Walter Younger can be really hard to get along with. For most of the first act, he's nasty to just about every other character in the play. He picks fights with his sister, Beneatha. He says all kinds of mean things to Ruth, his wife, and is even short with his long-suffering mother, Lena.
All this nastiness seems to come from the fact that Walter is totally disgusted with his life. Working as a chauffeur for a rich white man has got him totally dissatisfied. There's no room for advancement, and he hates having to suck up to his boss all the time. Basically, Walter feels like less of a man, because he's in his thirties and can still barely provide for his family.
The only time Walter seems to get excited in the early sections of the play is when there's talk of the $10,000 life insurance check (Walter's father has died) that's soon to come in the mail. Walter plans to use the money to invest in a liquor store with his "buddy," Willy Harris. He sees this investment as an opportunity to be his own boss and to finally provide for his family the way he feels he should.
Everybody tries to warn Walter against investing in the liquor store. Ruth tells her husband that he shouldn't trust Willy Harris. And Lena, a devout Christian, thinks it is sinful to sell liquor. Lena even flat out refuses to give the money to Walter at first; the insurance policy is in her name, so she has control over it.
Instead of giving her son the money for the liquor store, Walter's mother takes a portion and puts a down payment on a house in a white neighborhood. This sends Walter into the depths of despair. He goes on a three-day drinking binge and refuses to go to work.
Eventually, Lena gives in and lets Walter have a big chunk of what's left to invest however he sees fit. She also trusts her son to put some of the money in a bank account so that Beneatha can go to medical school. Walter doesn't do this, however, and just hands it all over to Willy Harris for the liquor store.
At this point in the play, we get a glimpse of who Walter would be if he was happier with his work life. He's friendly to his sister, hugs his mother, and even takes his wife out on a date, where they get super-frisky and hold hands. The Walter that we see here is a loveable, friendly, family man. We get to this section and we're like, "Wow, I guess he's not such a jerk."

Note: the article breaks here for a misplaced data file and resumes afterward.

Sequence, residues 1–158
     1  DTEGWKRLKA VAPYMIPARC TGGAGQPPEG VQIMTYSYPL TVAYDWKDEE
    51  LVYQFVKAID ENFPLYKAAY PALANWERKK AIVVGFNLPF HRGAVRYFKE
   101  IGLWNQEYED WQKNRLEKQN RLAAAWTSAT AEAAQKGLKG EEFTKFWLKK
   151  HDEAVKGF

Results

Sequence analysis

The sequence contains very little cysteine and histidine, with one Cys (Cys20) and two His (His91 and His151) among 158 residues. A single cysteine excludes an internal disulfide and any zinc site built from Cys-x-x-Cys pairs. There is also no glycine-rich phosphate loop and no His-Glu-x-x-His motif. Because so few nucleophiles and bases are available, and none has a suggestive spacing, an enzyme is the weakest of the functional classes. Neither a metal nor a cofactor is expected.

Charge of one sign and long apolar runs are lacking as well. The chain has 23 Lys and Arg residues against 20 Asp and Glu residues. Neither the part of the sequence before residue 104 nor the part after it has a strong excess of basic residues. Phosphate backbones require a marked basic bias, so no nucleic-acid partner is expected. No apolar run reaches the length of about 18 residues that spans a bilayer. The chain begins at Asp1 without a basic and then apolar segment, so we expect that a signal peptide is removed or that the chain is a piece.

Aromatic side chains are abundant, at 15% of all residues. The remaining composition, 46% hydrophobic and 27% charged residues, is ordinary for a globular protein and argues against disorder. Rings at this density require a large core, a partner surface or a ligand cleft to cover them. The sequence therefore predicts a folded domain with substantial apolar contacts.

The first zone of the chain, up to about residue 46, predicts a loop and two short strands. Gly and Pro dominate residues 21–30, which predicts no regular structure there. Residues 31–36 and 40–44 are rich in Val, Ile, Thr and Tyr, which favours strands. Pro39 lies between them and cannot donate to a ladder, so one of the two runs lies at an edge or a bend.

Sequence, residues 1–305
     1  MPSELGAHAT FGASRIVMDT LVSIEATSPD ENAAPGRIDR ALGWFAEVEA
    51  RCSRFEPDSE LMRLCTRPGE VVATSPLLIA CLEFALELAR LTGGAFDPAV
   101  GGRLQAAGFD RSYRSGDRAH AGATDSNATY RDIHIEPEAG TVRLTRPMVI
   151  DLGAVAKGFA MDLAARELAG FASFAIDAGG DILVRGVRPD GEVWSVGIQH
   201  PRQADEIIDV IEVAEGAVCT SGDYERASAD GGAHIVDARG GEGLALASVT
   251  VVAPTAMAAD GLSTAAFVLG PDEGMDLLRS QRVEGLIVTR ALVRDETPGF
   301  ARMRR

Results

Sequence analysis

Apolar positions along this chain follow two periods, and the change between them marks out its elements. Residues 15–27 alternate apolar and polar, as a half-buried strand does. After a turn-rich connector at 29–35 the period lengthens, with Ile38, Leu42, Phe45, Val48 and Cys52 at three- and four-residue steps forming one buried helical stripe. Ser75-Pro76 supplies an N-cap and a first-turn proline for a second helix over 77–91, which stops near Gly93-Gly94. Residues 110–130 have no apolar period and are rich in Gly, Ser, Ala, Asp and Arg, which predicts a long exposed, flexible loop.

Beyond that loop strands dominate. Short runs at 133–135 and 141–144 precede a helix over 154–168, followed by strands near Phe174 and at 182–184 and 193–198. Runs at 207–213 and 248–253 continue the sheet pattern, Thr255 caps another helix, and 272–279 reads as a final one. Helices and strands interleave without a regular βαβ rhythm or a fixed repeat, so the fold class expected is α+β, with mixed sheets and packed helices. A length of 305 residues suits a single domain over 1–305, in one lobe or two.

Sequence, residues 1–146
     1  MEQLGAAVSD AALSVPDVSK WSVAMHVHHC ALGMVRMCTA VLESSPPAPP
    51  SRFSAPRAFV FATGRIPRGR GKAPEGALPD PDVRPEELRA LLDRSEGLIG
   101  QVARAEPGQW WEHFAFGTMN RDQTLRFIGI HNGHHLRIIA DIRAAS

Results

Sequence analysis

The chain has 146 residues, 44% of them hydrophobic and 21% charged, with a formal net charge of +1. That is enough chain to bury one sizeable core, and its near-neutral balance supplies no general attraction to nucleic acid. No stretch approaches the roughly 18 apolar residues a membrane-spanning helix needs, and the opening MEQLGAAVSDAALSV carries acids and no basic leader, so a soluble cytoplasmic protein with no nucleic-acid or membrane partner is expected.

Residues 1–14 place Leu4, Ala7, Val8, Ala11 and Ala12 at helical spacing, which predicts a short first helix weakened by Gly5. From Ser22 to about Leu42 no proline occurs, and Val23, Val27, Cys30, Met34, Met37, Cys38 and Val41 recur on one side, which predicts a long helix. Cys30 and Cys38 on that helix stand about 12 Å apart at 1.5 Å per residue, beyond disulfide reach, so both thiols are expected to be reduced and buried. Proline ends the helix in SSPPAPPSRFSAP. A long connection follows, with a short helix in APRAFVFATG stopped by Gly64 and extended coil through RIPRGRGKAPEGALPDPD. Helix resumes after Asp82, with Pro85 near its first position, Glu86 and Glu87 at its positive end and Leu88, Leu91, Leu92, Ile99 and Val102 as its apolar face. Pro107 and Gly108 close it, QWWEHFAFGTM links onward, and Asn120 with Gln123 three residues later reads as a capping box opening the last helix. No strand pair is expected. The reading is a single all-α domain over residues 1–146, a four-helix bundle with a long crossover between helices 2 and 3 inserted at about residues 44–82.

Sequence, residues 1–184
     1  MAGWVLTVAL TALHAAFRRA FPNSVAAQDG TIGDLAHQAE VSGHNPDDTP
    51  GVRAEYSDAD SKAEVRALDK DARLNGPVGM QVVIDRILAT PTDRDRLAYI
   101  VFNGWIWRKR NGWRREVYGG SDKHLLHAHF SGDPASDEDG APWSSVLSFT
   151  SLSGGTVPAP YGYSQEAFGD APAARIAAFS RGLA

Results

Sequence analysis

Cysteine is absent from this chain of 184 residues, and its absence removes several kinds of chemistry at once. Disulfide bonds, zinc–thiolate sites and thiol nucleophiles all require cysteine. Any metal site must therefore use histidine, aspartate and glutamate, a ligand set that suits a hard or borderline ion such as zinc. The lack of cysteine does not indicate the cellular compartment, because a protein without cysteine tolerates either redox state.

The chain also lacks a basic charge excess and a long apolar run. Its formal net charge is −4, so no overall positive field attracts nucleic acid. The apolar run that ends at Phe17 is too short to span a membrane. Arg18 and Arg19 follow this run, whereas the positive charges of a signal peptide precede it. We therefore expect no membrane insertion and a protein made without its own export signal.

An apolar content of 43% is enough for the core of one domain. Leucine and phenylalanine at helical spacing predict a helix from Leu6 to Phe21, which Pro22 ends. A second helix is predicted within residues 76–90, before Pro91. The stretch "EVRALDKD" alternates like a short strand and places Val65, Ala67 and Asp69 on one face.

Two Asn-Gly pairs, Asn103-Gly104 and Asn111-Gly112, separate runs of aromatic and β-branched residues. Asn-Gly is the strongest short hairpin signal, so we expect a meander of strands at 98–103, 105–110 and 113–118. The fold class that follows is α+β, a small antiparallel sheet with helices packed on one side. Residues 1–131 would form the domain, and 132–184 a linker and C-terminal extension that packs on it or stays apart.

Unfortunately, this just doesn't last. Everybody's doubts about the liquor store investment are proven right when Willy takes off with all the money. Things get really bad here. Earlier, Mr. Lindner, a white man from the new neighborhood, tried to pay the Youngers not to move into their new house. Back when Walter was on top, he proudly kicked Mr. Lindner out and told him that they didn't need his money.
Now, though, Walter is desperate. He sinks to a new low and calls Mr. Lindner back, saying that he'll accept the money. Walter tells his family that he's prepared to bow down to "The Man" to get the money. This is really Walter's lowest point in the whole play. He's prepared to totally shame himself for the money.
In the end, though, Walter is redeemed when he eventually refuses to take the money from Mr. Lindner. When the white man returns, Lena forces Walter to talk to him in front of Travis, Walter's young son. Walter just can't bring himself to act so shamefully in front of Travis. In the end, Walter finds his self-respect and leads his family on to their new house.
Although Walter makes the worst mistakes out of any other character in the play, he also undergoes the greatest transformation. His journey takes him from total jerk, obsessed with get-rich-quick schemes, to a man worthy of respect. In Walter Younger, Lorraine Hansberry shows how poverty and racism can twist and depress people, turning them against those that they most love. Of course, with Walter, the playwright also shows us how these social barriers can be overcome through personal determination and staying true to one's own beliefs.